Stockton and Norton – where history and the arts collide

PUBLISHED: 00:16 27 January 2011 | UPDATED: 20:35 20 February 2013

Stockton and Norton – where history and the arts collide

Stockton and Norton – where history and the arts collide

Linzi Barber indulges her senses from water sports to retail therapy in one of the North East's most up and coming venues

A record holder for the widest high street in the UK, an international festival venue, a market with a traceable history back to the 1300s, home to the first permanent steam locomotive and today continuing to develop in the hope of securing its position on the 2012 Olympic map, Stockton is a vibrant, happening town with more to offer than first meets the eye.
Sitting on the northern bank of the River Tees, the area began as an Anglo Saxon settlement and the manor of Stockton was created in 1138. During these times neighbouring Norton was the centre of the parish, which included Stockton, but today this is very much reversed, with Norton simply being part of the Borough of Stockton. Stockton High Street runs into Norton Road, which leads you to the centre of old Norton village.
Today the village has many cottages, a duck pond and a village green. Standing on the village green feeding the ducks you could be forgiven for thinking you have stepped back in time in this peaceful haven.
St Mary the Virgin church, dating back to Anglo Saxon times, stands by the village green at the very centre of the community. The church, which is the only cruciform Anglo Saxon church in Northern England, was also the venue for Dragons Den favourite Duncan Bannatynes wedding in November, 2006. Norton is also home to a challenging and attractive 18-hole pay and play golf course.
During the latter part of the 12th century, Stockton was purchased by bishop Pudsey of Durham and 700 years ago, in 1310, Bishop Bek of Durham granted a market charter to our town of Stockton every Wednesday for ever. Stockton celebrated 700 years of market trading last year and the market, which now runs every Wednesday and Saturday, today boasts the status of the largest in the North East of England.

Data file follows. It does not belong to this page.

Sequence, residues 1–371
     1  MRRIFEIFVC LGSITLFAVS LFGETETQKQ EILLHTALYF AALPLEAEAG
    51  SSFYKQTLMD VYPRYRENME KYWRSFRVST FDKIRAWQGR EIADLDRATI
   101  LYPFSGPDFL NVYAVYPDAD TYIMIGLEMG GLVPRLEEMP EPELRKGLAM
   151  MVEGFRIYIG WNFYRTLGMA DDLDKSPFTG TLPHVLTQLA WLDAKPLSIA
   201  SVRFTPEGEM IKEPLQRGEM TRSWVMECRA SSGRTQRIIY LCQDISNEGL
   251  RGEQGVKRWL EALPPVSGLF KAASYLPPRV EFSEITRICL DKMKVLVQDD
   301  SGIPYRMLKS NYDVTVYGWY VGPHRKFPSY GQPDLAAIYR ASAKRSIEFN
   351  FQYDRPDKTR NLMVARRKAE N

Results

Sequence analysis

Shopping and trading have remained key to Stockton over the years. In September 1825 the Stockton and Darlington railway opened with Stephensons new locomotive Number One pulling 36 wagons. The track, which initially ran 26 miles, was built to connect inland coal mines to Stockton, allowing coal to be loaded on to boats for transportation to other ports at home and abroad. Today this line is still in operation, much of it used by the Tees Valley Line operated by Northern Rail, which offers great access to the this vibrant town from surrounding towns and villages.
Stockton is a haven for shoppers with two centres boasting over 130 high street retailers. At the bottom of the High Street you will find Castlegate Shopping Centre, once the site of Stockton Castle, captured by the Scottish in 1644 and occupied until the end of the Civil War when Oliver Cromwell ordered that the castle be destroyed.
The Shambles market hall is a Grade Two listed Georgian building that has undergone a transformation under Stockton Councils regeneration scheme. This is a unique shopping destination which houses local crafts, small businesses and the towns tourist information centre.
Dominating the town from its position at the centre of the High Street is Stockton Town Hall. The hall as it stands today, dates back to the 1700s and has a chequered history of its own.